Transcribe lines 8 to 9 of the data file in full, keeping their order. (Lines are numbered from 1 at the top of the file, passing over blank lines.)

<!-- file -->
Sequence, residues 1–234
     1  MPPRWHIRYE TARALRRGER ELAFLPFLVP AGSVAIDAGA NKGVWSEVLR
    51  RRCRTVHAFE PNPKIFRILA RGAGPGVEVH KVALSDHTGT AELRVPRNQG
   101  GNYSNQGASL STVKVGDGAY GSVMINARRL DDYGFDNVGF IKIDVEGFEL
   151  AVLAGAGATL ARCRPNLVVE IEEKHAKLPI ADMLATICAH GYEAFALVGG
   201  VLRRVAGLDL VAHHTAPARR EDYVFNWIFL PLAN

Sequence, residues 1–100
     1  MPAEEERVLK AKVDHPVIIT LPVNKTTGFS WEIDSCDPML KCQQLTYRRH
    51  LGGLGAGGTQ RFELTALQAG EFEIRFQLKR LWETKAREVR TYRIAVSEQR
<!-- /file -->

     1  MPAEEERVLK AKVDHPVIIT LPVNKTTGFS WEIDSCDPML KCQQLTYRRH
    51  LGGLGAGGTQ RFELTALQAG EFEIRFQLKR LWETKAREVR TYRIAVSEQR